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What Illinois Has Done for the War.

SPRINGFIELD, Dec. 19, 1861.

To the People of the State of Illinois:

For the purpose of giving you information of the number, condition and wants of our troops, as well as the policy of this department, I present the following report of Hon. Allen C. Fuller, Adjutant-General of the State, prepared in response to a communication calling for information from his office in relation thereto — and the suggestions of which I fully approve.

The subjects of uniforms, equipments, subsistence and finances, will be presented in other reports, now in process of preparation by the same officer.

I have the pleasure to inform the public that during the last two weeks, I have been receiving and distributing, and am now distributing, near six thousand stand of new and superior arms — first having sent a competent agent to our scattered regiments to ascertain the condition of each with reference to the number, kind and quality of its arms, with a view to the equitable distribution thereof, having due regard to those most exposed to the enemy.

The State is now also receiving daily at the Arsenal in Springfield, the fourteen batteries of artillery, obtained from the Secretary of War during my last visit to Washington, consisting of 84 guns, with projectiles, carriages, caissons, harness and all equipments complete, equal in quality to any in the service, or in the world, and which with the batteries, we already have in actual service, will be sufficient to arm and equip the two artillery regiments now fast approximating to complete and perfect organization.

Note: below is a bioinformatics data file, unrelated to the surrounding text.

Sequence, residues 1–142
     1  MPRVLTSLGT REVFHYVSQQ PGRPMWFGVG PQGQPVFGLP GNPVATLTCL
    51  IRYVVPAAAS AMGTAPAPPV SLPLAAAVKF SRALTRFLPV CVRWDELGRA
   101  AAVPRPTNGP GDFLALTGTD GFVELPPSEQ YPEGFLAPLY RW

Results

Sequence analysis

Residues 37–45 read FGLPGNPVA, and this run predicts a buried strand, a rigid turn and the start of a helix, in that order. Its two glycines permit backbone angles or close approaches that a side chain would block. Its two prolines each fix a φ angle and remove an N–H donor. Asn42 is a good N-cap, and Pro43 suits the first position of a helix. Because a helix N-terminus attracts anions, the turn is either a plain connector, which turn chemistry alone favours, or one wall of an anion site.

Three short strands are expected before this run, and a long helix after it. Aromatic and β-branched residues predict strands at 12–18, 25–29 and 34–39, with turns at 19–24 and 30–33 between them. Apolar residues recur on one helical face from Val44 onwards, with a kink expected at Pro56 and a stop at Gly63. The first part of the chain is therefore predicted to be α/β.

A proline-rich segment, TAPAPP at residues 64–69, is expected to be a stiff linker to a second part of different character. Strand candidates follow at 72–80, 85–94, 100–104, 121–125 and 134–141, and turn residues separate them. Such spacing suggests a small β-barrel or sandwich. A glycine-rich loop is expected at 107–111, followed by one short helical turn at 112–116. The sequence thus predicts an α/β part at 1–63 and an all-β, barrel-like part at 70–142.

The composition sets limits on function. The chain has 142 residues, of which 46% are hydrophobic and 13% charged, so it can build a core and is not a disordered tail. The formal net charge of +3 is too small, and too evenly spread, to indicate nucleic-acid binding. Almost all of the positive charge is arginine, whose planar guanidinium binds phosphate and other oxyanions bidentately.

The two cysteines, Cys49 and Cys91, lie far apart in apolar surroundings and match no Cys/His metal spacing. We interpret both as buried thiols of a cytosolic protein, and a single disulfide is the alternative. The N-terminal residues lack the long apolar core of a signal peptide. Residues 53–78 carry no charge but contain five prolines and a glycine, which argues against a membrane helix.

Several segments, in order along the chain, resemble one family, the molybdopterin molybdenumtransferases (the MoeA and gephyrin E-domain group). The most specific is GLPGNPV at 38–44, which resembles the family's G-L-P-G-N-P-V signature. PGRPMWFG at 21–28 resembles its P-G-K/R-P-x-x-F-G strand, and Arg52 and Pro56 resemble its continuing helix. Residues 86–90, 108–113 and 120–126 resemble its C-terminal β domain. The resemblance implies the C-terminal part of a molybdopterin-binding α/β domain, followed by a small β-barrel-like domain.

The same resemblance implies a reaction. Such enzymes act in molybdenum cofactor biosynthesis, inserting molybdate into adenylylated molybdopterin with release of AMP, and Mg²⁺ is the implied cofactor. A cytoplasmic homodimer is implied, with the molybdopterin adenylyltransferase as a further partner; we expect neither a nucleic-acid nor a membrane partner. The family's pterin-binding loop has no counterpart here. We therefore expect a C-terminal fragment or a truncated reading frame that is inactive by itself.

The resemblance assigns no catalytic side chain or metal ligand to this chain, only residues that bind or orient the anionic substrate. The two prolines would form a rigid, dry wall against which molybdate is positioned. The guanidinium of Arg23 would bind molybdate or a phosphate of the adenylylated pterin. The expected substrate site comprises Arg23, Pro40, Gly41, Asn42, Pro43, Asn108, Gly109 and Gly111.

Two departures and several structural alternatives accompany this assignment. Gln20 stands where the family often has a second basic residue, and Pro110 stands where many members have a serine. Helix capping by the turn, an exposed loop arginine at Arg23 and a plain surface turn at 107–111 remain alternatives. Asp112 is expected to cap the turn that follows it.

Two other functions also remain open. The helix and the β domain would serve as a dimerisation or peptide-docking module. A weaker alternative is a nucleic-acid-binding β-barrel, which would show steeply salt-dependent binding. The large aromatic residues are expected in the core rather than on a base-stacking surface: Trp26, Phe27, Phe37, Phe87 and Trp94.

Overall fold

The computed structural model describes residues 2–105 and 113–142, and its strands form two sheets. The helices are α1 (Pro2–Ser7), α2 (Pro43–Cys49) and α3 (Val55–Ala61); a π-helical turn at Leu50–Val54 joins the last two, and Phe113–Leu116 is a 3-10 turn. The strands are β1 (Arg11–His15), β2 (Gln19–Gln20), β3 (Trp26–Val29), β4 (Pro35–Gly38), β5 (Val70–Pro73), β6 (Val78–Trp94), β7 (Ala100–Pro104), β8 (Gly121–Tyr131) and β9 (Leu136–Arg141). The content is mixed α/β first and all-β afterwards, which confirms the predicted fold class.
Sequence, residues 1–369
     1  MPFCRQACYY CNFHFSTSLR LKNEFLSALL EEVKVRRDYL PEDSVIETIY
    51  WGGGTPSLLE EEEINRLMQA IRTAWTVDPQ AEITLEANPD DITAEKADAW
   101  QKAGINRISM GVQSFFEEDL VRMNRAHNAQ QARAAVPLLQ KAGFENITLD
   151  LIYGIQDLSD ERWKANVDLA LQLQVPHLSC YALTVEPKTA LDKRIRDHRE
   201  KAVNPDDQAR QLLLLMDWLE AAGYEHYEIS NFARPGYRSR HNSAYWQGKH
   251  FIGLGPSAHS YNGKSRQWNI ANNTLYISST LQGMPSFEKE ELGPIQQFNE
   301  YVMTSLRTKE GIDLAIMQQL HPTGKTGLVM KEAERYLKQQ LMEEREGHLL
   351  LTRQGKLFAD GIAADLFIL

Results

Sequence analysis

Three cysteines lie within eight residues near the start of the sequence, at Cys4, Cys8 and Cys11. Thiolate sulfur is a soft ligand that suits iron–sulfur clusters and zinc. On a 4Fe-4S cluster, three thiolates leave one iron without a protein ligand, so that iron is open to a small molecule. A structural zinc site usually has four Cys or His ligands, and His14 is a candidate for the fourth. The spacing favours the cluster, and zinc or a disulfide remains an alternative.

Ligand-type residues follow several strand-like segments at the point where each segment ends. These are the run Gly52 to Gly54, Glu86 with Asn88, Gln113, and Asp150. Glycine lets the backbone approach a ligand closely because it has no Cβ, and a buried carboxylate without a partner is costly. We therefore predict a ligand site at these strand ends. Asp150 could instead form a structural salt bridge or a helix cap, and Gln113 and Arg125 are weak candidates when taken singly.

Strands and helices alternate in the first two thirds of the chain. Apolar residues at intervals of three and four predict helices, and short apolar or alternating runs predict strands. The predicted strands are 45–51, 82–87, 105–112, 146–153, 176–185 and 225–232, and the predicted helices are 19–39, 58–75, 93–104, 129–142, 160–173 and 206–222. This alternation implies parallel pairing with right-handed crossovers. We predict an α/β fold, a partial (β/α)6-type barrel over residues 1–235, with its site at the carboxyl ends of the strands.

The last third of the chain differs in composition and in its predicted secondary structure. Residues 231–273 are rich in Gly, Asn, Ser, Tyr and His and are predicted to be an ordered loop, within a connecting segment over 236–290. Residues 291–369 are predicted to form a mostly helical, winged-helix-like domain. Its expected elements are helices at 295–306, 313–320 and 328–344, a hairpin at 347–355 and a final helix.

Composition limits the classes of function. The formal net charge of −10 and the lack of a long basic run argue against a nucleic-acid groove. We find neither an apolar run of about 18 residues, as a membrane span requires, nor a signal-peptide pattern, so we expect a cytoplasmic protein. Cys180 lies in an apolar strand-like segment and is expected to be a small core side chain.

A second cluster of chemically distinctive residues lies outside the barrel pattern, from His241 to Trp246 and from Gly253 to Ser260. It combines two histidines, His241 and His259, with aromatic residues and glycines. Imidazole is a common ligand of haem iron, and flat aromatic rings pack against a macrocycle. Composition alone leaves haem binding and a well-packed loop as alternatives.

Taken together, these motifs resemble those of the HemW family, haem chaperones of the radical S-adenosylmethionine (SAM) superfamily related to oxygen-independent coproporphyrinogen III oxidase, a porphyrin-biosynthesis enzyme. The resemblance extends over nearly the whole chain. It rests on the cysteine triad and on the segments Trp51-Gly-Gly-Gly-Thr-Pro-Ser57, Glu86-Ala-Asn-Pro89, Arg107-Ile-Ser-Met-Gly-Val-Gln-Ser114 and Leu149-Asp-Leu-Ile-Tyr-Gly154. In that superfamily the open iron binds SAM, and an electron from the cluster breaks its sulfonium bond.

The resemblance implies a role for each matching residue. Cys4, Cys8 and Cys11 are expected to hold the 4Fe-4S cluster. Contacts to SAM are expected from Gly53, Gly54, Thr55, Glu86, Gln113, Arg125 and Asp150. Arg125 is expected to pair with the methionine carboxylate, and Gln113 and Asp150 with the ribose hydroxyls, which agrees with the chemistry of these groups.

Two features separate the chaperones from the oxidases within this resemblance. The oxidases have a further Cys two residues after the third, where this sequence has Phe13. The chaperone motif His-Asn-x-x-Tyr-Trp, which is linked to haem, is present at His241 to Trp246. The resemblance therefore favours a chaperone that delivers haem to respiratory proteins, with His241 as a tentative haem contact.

I also have assurances of a most reliable character, that arms of a superior quality will at an early day, be received, sufficient to supply all our unarmed regiments, and sufficient, I hope, also to supply the places of the poor and defective arms now in the hands of many of our troops.

I feel fully warranted in saying that in point of the numbers of our troops in proportion to population, in amply prevision for comfortable subsistence, in superiority of quality and sufficiency of uniform, and also in true courage and chivalrous daring and achievement, the Grand Army of Illinois will be unsurpassed by any State in the Union.